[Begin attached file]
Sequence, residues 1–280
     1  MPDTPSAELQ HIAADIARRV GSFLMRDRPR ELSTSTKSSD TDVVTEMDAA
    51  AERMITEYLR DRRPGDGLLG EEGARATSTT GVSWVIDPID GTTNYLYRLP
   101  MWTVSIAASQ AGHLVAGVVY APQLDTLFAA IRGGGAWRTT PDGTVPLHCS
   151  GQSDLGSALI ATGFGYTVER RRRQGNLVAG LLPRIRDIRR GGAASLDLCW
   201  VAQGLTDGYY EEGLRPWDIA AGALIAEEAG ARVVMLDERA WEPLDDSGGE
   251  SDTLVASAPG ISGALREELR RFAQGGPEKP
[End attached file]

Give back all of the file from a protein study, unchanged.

Sequence, residues 1–280
     1  MPDTPSAELQ HIAADIARRV GSFLMRDRPR ELSTSTKSSD TDVVTEMDAA
    51  AERMITEYLR DRRPGDGLLG EEGARATSTT GVSWVIDPID GTTNYLYRLP
   101  MWTVSIAASQ AGHLVAGVVY APQLDTLFAA IRGGGAWRTT PDGTVPLHCS
   151  GQSDLGSALI ATGFGYTVER RRRQGNLVAG LLPRIRDIRR GGAASLDLCW
   201  VAQGLTDGYY EEGLRPWDIA AGALIAEEAG ARVVMLDERA WEPLDDSGGE
   251  SDTLVASAPG ISGALREELR RFAQGGPEKP